Michael’s belated Christmas party was on Friday night in the Travelodge in Saskatoon. We got dressed up, offloaded all the children onto Jo Ann, and picked up June, Eddie, Marco, Michelle, Jay and Nikki at their apartment block. There was lots of back-seat driving and advice on how to park, but they all emerged unscathed (by me) and we headed in for our meal and some mystery “entertainment”. Ten of us crammed into a table for eight, and got ready to dive into the buffet when it opened. Surprisingly, the meal was gorgeous. I always expect cold food and wilting salads, but the salads were varied and interesting (raspberries, anyone?), and the hot food was delicious. We piled our plates, ordered more drinks and then demolished the dessert trolley. This was the first night out for Michael and I since we arrived in Saskatoon, and I had forgotten what bliss it is to have a meal handed to you.
The entertainment began. It was a game-show, with each table being a team. We had to pick a team name, so after some debate, we settled on “Team IMMigration”, with drawings of shamrocks and leprauchauns. Four team members at a time took to the podium, with each team competing against three others. Categories flashed up on the big screen and so teams picked questions on topics like Famous Pigs for 4000 points, Things that Begin with Z for 2000 points etc. The men braved it first, and did fairly well, and we thought the women should go next. So Kelly, Nikki, and I went on stage, with Eddie as our token male. “What R is a drink that gives you energy?” “RED BULL” we hissed up the line. Score Eddie. “What Z is a brand of soap?” We looked blankly at each other. “Zoap?” hazarded Kelly to me. “ZEST!” came the answer from the team beside us. Huh. That was a real Canadian question. Anyway, we stormed it. Got a great score and took our seats again. We didn’t realise that there were prizes involved, so when we were awarded second place at the end of it all, we were thrilled to get a $25 voucher for Boston Pizza each. $50 to bring the kids for pizza one of these weekends, happy days.
The highlight of the evening was when the MC divided the room in half, and invited us to sing along with a carefully selected piece of music. The loudest side would get the bonus points. The room fell silent, waiting for the first notes of the song. It was this:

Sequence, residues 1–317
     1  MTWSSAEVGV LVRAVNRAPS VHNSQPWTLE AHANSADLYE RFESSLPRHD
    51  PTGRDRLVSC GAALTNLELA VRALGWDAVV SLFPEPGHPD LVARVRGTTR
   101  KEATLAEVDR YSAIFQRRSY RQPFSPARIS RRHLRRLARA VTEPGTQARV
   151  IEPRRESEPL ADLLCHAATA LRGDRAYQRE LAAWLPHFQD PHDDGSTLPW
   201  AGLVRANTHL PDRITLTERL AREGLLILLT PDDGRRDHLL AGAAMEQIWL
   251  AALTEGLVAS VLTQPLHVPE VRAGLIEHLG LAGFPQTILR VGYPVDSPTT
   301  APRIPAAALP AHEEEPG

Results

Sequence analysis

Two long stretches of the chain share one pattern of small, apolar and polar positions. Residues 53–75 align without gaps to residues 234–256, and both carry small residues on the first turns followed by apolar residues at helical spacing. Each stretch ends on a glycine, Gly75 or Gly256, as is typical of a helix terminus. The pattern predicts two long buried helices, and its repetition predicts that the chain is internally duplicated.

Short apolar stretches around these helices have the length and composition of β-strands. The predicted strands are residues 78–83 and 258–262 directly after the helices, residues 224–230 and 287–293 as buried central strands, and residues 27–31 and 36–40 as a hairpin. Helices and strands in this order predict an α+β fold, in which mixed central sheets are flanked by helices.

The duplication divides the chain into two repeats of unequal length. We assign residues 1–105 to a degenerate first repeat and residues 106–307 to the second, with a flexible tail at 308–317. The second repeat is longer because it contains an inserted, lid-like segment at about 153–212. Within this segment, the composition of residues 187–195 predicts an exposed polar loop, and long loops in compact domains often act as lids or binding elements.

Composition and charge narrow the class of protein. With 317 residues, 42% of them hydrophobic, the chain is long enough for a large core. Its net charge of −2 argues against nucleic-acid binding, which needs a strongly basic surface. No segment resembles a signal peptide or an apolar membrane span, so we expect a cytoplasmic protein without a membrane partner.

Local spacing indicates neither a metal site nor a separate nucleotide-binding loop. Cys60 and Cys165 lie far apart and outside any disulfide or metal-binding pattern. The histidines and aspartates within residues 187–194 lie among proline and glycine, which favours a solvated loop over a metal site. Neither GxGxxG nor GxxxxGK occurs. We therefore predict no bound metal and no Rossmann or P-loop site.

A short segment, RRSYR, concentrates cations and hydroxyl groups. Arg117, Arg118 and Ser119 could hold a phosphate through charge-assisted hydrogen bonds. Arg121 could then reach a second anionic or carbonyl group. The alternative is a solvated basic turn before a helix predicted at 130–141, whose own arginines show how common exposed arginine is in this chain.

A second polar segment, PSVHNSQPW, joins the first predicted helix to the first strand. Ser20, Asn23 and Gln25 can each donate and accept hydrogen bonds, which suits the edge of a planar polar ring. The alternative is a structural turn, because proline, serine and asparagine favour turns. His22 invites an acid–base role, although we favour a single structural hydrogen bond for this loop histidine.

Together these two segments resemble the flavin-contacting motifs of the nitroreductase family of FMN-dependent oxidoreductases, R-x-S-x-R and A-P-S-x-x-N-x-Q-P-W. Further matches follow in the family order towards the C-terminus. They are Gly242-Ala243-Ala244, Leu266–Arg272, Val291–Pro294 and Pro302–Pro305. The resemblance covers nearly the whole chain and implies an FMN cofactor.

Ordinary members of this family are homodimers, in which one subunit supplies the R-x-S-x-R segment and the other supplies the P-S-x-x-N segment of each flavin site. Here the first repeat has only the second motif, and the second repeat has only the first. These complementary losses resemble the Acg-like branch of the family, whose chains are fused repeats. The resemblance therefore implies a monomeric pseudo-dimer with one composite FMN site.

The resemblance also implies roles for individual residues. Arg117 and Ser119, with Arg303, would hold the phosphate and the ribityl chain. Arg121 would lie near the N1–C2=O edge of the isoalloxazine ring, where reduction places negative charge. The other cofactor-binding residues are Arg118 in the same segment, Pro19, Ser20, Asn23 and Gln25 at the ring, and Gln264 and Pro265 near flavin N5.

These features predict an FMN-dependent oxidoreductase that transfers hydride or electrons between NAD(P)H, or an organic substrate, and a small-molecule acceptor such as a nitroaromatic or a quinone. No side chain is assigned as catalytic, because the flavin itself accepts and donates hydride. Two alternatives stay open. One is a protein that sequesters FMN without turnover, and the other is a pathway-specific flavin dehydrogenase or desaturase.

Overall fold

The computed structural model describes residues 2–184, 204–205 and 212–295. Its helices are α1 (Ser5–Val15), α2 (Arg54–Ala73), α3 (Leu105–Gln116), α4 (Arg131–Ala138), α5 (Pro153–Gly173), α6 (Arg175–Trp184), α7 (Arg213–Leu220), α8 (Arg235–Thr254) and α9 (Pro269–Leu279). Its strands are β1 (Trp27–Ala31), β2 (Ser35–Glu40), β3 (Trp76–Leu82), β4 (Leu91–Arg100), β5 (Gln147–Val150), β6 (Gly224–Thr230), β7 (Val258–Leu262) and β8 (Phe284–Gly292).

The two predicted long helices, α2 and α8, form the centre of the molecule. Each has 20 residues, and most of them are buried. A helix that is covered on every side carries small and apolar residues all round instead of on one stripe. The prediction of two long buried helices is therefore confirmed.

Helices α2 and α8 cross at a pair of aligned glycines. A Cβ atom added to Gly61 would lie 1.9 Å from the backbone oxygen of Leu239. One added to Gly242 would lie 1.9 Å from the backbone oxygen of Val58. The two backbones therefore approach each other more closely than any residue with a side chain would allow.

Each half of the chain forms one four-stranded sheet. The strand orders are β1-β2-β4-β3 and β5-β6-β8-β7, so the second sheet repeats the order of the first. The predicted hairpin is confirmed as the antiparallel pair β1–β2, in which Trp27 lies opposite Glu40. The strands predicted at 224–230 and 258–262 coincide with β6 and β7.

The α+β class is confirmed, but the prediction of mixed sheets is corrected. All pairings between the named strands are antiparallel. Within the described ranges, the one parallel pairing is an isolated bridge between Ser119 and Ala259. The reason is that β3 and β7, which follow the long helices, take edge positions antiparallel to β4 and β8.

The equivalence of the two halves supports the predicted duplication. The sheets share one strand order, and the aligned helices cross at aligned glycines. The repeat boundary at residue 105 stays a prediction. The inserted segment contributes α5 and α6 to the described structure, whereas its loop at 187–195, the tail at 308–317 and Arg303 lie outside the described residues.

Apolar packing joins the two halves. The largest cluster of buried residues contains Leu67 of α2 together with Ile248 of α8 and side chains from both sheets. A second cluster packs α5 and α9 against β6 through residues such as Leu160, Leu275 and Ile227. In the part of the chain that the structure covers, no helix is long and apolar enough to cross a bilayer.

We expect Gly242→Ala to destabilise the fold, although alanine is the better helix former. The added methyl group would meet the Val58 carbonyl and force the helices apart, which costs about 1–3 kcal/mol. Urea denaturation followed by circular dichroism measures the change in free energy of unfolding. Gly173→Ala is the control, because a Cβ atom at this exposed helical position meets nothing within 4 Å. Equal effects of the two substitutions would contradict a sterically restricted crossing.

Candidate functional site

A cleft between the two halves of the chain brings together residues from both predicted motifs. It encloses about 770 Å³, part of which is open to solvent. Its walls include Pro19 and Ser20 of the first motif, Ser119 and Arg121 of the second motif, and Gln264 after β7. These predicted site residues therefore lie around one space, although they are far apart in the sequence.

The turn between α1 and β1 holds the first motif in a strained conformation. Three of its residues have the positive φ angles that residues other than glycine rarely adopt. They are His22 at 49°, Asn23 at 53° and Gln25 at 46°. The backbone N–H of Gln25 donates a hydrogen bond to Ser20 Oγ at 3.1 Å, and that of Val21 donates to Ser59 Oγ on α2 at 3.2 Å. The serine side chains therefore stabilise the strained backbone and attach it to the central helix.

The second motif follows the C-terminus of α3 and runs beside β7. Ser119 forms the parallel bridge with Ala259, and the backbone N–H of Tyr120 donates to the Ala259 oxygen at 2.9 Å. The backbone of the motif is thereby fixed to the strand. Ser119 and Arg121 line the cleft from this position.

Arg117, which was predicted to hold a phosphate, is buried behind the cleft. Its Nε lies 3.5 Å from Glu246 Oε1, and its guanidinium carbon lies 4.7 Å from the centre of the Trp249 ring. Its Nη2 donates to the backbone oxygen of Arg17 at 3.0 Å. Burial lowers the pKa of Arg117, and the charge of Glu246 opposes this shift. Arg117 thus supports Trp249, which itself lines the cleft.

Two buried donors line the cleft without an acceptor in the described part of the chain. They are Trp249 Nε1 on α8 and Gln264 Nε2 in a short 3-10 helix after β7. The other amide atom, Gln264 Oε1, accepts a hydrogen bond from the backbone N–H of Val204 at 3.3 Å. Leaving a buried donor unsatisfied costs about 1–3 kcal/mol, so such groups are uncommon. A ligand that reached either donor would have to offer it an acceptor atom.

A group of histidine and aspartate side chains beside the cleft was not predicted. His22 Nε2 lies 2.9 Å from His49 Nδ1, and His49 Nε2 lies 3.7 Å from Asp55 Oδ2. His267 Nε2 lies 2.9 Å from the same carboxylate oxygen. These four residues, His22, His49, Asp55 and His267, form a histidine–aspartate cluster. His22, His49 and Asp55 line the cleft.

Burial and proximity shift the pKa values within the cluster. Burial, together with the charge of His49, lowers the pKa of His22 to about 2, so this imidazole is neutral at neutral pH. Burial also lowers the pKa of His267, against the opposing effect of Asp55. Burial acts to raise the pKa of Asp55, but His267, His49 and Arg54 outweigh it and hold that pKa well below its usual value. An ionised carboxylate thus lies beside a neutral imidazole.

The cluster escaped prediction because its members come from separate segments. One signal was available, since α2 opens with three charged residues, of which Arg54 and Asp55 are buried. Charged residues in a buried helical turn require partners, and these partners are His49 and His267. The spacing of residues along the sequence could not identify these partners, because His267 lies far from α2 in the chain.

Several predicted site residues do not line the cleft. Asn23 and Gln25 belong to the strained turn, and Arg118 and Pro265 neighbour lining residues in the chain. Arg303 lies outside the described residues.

Well. What can I say? A room full of various nationalities, mainly Canadian, all bellowing in their best Scottish accents at each other. A guy from the Other Side strode onto the dance floor and started throwing shapes at us. One of Our Side jumped up to meet the challenge. They circled each other, snarling in Scottish, and attempting to boogey on down at the same time. It was absolutely priceless. Our side won. Naturally.
We spent Saturday running from soccer matches to birthday parties, and Nicholas started feeling unwell by about 10pm. He had a temperature and sore throat all night, so I brought him to the doctor at 9am on Sunday. We got there and realised that it didn’t open till 10, so we went to the blood clinic next door so that I could get some routine bloods done. We sat in the waiting-room with about five other people, clutching ticket number 97. After about five minutes, the door opened, and in came two big prison guards, with a man in chains shuffling between them. Nicholas’ eyes nearly fell out of his head. They sat opposite us, with the prisoner in an orange beanie hat, green trousers, and chains around his wrists and ankles. “Stop staring!”, I hissed at Nicholas with a smile painted on my face. So he pointed instead. “Why is that man…”. I hastily interrupted him – “hey sweetie, what number is on the screen up there now?”. “95, Mammy, but why is….”. The guards gave him the odd smile, but it was like sitting beside a time bomb. “97”, called the nurse, and I leapt up, manoeuvred Nicholas past the intriguing trio, and into the cubicle. Two minutes after I sit down, in they shuffle to the cubicle across the way. Nicholas’ head was on a swivel-stick. “I’m sorry”, I whispered to the nurse, “he’s just not used to…you know…”. “That’s ok, neither are we usually”, she whispered back. We finished up and headed next door to the doctor, who diagnosed him with a viral throat infection, which then transpired the next day to be a strep throat. He’s working his way through a lurid yellow antibiotic and using it as an excuse to eat copious amounts of yoghurt and ice-cream.
It snowed all day Sunday. Enough said.
On Saturday we’re going to our first ice hockey match in the Credit Union Centre. The Centre is celebrating its 25th anniversary, so there’s special offers on hot dogs, pop, and souvenirs, and some raffles and prizes. The children don’t know about it yet, so we’re looking forward to surprising them.
Come on, the Blades!